‘Reckless’ is standard fare with a Southern accent
It’s hard to imagine the world has been waiting for yet another cops-and-lawyers procedural/soap from CBS. But here is “Reckless,” premiering Sunday at 9 p.m., offering up another assembly-line drama whose lone customizing detail is sending the whole enterprise south of the Mason-Dixon Line and slapping a drawl on the arrests and court proceedings.
But the beautiful and steamy Charleston, S.C., setting aside, “Reckless” is very much of a piece with its predecessors.
Honorable, and hot, defense attorney Jamie Sawyer (Anna Wood) regularly squares off against noble, and hot, assistant district attorney Roy Rayder (Cam Gigandet). She’s a relative newcomer from Chicago — or “Chi-cargo,” as one of the actors is oddly directed to pronounce it here — and a real firecracker. He’s a Southern gentleman with a twinkle in his eye and pain in his heart.
“Reckless” tips its hand early and often: The friendly legal sparring between Roy and Jamie will eventually — and recklessly no doubt — turn into something more intimate once they dispense with their artificial obstacles, her (likely untrustworthy) boyfriend and the wounds of his divorce.
But first they need to tackle a case of corruption in the Charleston P.D. involving several cops and a sex scandal, touched off by the hotheaded, hissable, and of course, hot, homicide detective Terry McCandless (Shawn Hatosy).
Throw in “is-he-good-or-evil?” deputy police chief Holland Knox (Michael Gladis) to support Roy, and sassy black investigator Vi Briggs (Kim Wayans) to play sidekick to Jamie, and you’ve got all the usual pieces in places.
Created by Dana Stevens (“What About Brian”), “Reckless” offers some well-worn comforts in that the rhythms are familiar, the plot twists few, and the lifting exceedingly light, even though the main story line involves an alleged gang rape perpetrated by police on a fellow officer. But that just allows the show to have things the way so many of its kind have — by allowing for both titillation and outrage.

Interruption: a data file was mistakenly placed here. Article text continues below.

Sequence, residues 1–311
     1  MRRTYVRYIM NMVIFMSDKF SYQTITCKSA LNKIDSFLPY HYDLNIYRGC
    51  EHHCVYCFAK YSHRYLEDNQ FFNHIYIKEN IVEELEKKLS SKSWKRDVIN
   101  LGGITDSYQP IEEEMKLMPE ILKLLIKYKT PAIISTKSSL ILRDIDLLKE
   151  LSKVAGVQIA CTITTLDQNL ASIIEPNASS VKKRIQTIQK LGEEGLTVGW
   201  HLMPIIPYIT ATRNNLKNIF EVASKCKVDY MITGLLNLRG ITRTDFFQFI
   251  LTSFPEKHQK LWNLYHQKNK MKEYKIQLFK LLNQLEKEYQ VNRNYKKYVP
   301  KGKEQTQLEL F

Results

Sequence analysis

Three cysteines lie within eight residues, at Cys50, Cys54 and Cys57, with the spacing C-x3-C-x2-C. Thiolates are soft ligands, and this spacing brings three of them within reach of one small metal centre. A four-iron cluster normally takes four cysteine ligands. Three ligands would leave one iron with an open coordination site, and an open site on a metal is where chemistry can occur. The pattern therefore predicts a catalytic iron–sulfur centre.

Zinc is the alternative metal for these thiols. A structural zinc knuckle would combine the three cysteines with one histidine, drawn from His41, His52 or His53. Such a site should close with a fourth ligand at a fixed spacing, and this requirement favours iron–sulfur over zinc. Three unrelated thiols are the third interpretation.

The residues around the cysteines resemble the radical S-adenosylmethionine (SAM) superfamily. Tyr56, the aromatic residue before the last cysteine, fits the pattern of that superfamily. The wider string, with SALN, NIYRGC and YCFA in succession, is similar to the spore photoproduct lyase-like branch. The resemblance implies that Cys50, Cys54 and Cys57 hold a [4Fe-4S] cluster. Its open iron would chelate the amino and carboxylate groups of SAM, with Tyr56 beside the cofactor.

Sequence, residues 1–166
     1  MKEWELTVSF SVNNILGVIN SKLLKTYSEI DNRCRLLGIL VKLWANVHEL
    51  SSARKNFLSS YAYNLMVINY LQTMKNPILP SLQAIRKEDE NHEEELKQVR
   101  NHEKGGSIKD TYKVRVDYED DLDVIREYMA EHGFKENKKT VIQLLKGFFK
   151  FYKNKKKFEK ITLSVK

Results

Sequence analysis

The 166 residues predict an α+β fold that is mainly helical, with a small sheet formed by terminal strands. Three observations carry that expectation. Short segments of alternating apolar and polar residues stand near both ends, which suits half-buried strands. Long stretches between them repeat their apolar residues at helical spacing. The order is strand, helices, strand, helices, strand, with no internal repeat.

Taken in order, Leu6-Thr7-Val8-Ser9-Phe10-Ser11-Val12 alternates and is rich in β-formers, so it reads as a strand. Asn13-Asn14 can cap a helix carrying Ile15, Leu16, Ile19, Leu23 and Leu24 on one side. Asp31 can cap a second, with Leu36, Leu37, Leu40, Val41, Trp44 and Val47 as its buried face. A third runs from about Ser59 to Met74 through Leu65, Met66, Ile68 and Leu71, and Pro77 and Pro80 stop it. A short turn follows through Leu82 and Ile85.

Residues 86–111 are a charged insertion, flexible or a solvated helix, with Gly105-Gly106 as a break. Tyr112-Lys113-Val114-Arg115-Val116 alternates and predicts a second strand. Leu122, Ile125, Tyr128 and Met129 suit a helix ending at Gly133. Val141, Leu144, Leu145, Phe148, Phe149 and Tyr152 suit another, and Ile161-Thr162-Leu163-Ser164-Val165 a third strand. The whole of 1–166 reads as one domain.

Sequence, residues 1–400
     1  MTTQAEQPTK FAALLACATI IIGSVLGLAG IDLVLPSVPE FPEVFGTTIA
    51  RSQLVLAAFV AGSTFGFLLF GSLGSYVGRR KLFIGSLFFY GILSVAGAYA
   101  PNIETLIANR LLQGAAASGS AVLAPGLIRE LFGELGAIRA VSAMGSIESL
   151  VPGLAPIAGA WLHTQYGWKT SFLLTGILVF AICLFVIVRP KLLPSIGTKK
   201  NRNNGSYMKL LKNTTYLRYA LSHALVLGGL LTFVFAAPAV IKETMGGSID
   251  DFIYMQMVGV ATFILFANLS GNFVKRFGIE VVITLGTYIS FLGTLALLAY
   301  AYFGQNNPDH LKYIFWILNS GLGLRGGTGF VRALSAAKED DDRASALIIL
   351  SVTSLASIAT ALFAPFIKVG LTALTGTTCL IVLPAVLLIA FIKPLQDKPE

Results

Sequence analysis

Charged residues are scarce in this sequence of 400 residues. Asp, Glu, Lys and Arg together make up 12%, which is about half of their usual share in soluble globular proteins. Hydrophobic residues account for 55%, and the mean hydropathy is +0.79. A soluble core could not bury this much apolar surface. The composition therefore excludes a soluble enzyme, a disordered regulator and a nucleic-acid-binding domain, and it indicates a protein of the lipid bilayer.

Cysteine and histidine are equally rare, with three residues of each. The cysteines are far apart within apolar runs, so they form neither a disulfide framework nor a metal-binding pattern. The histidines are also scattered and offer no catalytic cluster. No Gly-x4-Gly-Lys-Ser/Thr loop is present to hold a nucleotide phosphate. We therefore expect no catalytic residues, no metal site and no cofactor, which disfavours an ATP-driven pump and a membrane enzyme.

“Reckless” is executed competently enough, with everyone holding up his or her end of the bargain by being hot and trying to enliven the routine premises. But just about everyone in the cast has done better work elsewhere, and it’s particularly tough watching Hatosy, late of “Southland,” and Gladis, so memorable on “Mad Men,” toiling away in something so bland.
In her first lead role after much episodic supporting work, Wood is fine as Jamie, if not perhaps completely believable as a product of the mean streets of the south side of Chicago. Gigandet (“Easy A,” the “Twilight” franchise) feels a little more natural in what would be the McConaughey role of the sly charmer with integrity. And naturally, the producers found a way to have him shirtless before the pilot episode is up, which, while predictable, is one of the few visuals for which “Reckless” is worth recommending.
The pair exhibit some chemistry in the first couple of episodes, and that will likely be the linchpin for viewers since — like “Bones,” “Castle,” and other shows of this ilk — its popularity will hinge on viewers wanting the main characters to hook up. If the producers can eventually make the story lines as attractive as their leads, “Reckless” might spark a little more interest.